Thursday, November 6, 2008

C# Signatures

On a thread in the Visual Studio 2010 C# and VB Feedback forum, DMeglio posted a question about whether C# 4.0 could be extended to support extended generic constraints.

I'm just curious, is the feature set for C# 4.0 locked? There is one thing that I feel is a glaring omission, and really hurts C#. The fact that generics do not support operator constraints. This is a huge issue for many of us. Why can't we do:

public class List<K> where operator+

I know this would make my life easier, I guess I'm just wondering if it's definitely been tabled or if it's still a possibility for 4.0

So I thought about this for a bit and proposed something similar to the C++ signature abstraction or a Haskell Type Class.

Nominative vs. Structural Typing

Consider the following types.

public class Cat
    void Speak() { Console.WriteLine("Meow!"); }

public class Dog
    void Speak() { Console.WriteLine("Woof!"); }

Well, they both have a Speak() method but they do not implement any common interfaces or inherit from a common type (besides Object).  If we want to call Speak() polymorphically on Cat and Dog then we could modify them to implement an ISpeakable interface or Animal abstract base class.

That's because the CLR uses Nominative Typing.  Two types are related only in the ways they explicitly declare as part of their definition.  We take this for granted every day, but it's not the only way to do things.  There's also Structural Typing.

The Cat and Dog classes obviously share structural similarities even if they don't declare them.  They both have Speak methods...

C# Signature Proposal

Consider the following pseudo-code.

public signature Numeric<T>
    static T operator+(T left, T right);
    static T Zero { get; }

Any type can be said to satisfy this signature if it has the specified members.  It need not actually declare that is satisfies the signature.

Assuming this notation, we can define methods like the following:

public static class Math
    public static T Sum(IEnumerable<T> values)
        where T : Numeric<T> // signifying conformance to a signature, NOT inheritance
        T total = T.Zero; // the type must have a Zero property, per the signature
        foreach (T value in values)
            total += value; // valid because the type has an operator+, per the signature
return total;

Intuitively, the Sum method can be used on any type that supports all of the Numeric<T> operations.

Ok, but Int32 does not actually have operator+, or Zero defined on it.  So those methods must come from somewhere else!  Some of them could be defined as a default implementation provided by the signature but that's not enough.

C# Extension Properties and Static Methods

In C# 3.0, we got some fancy compiler syntax for extension methods.  They are defined like this:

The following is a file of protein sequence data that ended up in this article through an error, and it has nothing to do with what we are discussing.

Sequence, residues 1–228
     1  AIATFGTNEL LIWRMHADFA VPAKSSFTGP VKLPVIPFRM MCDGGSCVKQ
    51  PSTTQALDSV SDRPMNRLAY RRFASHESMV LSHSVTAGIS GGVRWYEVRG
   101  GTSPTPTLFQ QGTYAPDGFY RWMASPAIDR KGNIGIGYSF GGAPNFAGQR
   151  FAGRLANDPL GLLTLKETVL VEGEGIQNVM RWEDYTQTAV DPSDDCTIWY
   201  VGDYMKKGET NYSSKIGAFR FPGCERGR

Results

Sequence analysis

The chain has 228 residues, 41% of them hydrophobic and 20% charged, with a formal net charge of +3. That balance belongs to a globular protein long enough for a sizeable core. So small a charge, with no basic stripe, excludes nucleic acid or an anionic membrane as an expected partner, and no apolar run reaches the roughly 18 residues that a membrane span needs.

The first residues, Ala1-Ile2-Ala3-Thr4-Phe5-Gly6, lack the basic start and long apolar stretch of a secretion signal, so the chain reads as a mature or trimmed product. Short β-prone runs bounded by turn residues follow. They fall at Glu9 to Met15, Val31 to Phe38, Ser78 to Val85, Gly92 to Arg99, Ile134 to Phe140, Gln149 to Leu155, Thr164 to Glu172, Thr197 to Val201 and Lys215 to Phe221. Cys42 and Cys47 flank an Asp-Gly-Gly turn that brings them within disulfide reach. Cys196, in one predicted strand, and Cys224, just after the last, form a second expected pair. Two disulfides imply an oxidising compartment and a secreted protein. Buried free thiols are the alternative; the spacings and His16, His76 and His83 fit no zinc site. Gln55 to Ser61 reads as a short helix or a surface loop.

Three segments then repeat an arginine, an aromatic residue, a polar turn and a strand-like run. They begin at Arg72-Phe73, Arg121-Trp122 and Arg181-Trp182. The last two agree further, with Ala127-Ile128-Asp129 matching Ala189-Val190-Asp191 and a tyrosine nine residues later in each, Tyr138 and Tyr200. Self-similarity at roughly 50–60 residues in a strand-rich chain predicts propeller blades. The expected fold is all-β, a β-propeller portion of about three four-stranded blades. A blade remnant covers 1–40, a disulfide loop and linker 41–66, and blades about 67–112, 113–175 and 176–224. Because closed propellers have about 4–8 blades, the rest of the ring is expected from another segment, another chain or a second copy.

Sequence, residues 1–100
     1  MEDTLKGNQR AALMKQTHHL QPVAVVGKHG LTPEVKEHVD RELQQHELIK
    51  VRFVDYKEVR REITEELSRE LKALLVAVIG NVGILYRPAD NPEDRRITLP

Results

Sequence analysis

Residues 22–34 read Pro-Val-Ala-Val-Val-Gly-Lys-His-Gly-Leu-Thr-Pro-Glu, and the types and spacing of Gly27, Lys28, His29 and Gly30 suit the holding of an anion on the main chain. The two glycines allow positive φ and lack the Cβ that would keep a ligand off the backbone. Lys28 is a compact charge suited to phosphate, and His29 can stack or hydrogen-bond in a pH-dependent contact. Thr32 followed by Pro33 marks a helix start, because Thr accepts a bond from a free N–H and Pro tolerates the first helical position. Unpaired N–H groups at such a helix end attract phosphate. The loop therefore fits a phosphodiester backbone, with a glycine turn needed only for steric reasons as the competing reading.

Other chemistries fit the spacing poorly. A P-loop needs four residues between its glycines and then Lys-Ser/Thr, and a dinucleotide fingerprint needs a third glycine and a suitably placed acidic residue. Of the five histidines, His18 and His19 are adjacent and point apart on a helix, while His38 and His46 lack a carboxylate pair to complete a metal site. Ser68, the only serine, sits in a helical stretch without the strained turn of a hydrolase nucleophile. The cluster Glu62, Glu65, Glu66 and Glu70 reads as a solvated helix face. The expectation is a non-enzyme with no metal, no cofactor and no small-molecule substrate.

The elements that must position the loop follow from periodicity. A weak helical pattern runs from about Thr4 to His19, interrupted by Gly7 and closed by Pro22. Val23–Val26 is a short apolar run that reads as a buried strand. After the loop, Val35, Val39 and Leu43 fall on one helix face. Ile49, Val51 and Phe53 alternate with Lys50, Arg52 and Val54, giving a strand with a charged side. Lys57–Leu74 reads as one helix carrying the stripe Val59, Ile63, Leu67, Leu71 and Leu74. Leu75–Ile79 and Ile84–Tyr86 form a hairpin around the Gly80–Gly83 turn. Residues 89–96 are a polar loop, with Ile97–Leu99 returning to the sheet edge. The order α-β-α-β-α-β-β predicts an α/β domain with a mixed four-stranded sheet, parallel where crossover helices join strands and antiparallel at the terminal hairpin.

public static class EnumerableExtensions
    public static int Count<T>(this IEnumerable<T> values)
        int count = 0;
        foreach (T value in values)
            count += 1;
        return count;

This is all well and good but there is no syntax for extension properties and extension events, or for static extension methods, et. al.

It turns out that the current syntax for extension methods is very awkward to extend.  Where will you insert this in those extension property and event declarations?

C# Signature Extension Proposal

Ah!  But what if we allow signatures to extend one another or to extend existing types?

Then we can define new behaviors on those signatures that will apply to any types that satisfy the signature.  If the signature extends another signature then it incorporates all parts of that other signature.  Likewise if it extends a type then it takes on all aspects of that type.

But the compiler could also suppose that if a type conforms to a signature that is in scope, then all members of that signature can be used implicitly as if they were members of that type.  Just like extension methods.

public signature Int32Extensions : Int32, Numeric<Int32>
    public static Int32 Zero
        get { return 0; }

    public static Int32 operator+ (Int32 a, Int32 b)
        return a + b;

Voila!  Static extension methods and properties.

How about non-static extension methods and properties?

public signature Int32Extensions : Int32
    // I'm an extension property of Int32!
    public bool IsZero
        return this == 0;


If all we want is support for things like extension properties then it's clear that we can simplify the proposal greatly.  Instead of defining something new like a signature we could define something like an extension class.  However I feel that the structural typing ideas are quite useful on their own.


Kalpesh said...

The Cat and Dog example with Speak method is now supported in c# 4 (by using dynamic keyword)

Basically, it saves you from writing reflection based code. If the method doesn't exist, it will throw an exception at runtime.

I saw this in 1 of the videos by Anders H on channel9

They call it duck typing in dynamic languages.

Jeff Brown said...

I'm aware of the "dynamic" type since I attended Anders talk at the PDC.

I'm strictly talking about static typing considerations here.

David Nelson said...

This is an interesting proposal. How do you see your idea of an "extension class" fitting in with the .NET type system? Would a wrapper class have to be created which inherits from the specified base class or implements the specified interface? How would that affect reference equality?